Museum, Community and Object: An ethnography of Sarawak native blades in a temporal and spatial milieu

By Tracy Peter-samat | 15 October 2019

This research aims to document technological aspects of Bidayuh, Iban and Penan native blades and, changes occurring with them. A detailed inventory of blades, covering their form (size, motifs and shapes), materials from which made and their use, will be supported with video recordings of blades’ images, historical accounts, and their production. The digital record will go on the website of the British Museum, which is funding this research through the Endangered Material Knowledge Programme (EMKP). At present, the Sarawak Museum in Kuching has in its collection around 100 various native blades. The ethnographic accounts on these is, however, inadequate. In particular, native voices on the history of blades and their socio-cultural value are insufficiently heard and the production process is unrecorded. Consequently, the museum curators are responsible for the documentation and interpretation of the collections.

Iban blade (Photo: the Sarawak Museum collection)

This project seeks to incorporate native views through collaborative research between the Museum and native groups. The methods employed will feature a collection-based approach, including in-depth interviews, participant observation, photography and video recording, and focus group discussions. The research participants are the blacksmiths, the owner-heirs of blades, the kampong biro (community representatives), the Museum’s Curator and staff. The ethnographic fieldwork takes place in Bidayuh villages in the Padawan sub-district (Kiding, Semban, Sadir, Stiing, Taba Saiit, and Ayun); Iban longhouses in the Sibu Division (Banyan and Kilometre 26); and the Penan longhouse in the Belaga district (Long Wat). The data from the project, including text, audio and audio-visual recordings and photographs will be deposited in the EMKP repository.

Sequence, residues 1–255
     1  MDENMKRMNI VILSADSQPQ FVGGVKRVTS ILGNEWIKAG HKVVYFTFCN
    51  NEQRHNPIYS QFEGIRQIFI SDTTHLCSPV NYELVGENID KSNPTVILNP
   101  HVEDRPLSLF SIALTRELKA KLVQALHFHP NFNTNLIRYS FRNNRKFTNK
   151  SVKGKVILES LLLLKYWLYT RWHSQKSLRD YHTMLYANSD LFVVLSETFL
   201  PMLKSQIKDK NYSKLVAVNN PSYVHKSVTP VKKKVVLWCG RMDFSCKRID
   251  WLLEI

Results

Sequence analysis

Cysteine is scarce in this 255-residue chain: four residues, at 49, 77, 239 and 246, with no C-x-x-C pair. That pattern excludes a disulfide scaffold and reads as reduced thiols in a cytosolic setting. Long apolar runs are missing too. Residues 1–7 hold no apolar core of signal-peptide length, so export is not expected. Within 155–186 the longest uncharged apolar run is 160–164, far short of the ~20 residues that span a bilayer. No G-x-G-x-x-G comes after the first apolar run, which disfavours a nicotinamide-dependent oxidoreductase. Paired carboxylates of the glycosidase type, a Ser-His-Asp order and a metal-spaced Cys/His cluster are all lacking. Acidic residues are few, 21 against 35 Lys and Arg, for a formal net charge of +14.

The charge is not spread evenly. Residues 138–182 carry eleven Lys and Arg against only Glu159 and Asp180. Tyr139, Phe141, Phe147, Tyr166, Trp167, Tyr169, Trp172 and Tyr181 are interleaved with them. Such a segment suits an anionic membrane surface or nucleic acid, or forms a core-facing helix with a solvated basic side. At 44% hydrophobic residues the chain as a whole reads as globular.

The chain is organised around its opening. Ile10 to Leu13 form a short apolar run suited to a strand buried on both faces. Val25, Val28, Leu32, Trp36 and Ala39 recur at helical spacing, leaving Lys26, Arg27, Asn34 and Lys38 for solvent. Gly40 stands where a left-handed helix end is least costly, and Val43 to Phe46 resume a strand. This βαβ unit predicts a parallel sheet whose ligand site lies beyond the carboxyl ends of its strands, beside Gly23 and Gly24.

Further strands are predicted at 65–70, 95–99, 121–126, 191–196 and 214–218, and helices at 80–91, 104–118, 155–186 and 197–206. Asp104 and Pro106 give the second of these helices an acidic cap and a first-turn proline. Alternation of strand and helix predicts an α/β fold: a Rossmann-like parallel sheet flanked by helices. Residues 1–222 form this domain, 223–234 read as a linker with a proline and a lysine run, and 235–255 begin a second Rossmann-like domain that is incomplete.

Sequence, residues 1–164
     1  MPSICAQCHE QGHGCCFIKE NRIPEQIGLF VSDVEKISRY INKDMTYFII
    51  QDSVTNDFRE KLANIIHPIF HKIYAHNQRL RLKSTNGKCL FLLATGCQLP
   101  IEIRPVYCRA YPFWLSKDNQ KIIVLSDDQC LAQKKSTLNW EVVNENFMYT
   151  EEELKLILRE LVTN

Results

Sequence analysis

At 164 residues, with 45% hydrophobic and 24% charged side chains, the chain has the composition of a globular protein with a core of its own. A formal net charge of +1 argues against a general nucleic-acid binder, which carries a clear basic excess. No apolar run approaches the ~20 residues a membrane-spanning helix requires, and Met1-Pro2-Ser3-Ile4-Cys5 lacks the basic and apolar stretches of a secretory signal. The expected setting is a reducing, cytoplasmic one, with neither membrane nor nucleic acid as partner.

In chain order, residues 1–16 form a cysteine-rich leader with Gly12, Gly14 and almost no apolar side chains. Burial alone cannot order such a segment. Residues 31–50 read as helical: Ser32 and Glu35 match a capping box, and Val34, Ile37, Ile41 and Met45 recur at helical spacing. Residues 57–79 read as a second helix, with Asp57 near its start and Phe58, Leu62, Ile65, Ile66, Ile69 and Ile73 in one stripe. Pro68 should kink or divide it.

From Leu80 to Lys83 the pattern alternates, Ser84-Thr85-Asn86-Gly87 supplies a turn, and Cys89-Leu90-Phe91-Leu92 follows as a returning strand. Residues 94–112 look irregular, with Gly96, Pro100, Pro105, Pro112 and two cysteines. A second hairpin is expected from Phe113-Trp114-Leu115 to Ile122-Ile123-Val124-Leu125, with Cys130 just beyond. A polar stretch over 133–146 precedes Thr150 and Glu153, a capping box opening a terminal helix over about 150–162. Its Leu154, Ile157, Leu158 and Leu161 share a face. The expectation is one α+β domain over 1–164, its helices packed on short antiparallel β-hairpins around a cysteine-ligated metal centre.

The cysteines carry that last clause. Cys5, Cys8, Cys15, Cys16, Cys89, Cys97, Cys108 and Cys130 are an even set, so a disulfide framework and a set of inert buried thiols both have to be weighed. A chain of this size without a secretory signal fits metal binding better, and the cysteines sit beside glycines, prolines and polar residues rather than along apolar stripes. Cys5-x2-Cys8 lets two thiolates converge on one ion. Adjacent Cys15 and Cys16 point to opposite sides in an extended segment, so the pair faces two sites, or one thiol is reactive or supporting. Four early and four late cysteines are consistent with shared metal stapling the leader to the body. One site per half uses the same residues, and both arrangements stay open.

Tracy Peter-samat, University of Durham

Location of Research:
Sarawak, Malaysia

Host Institution:
Department of Anthropology, Durham University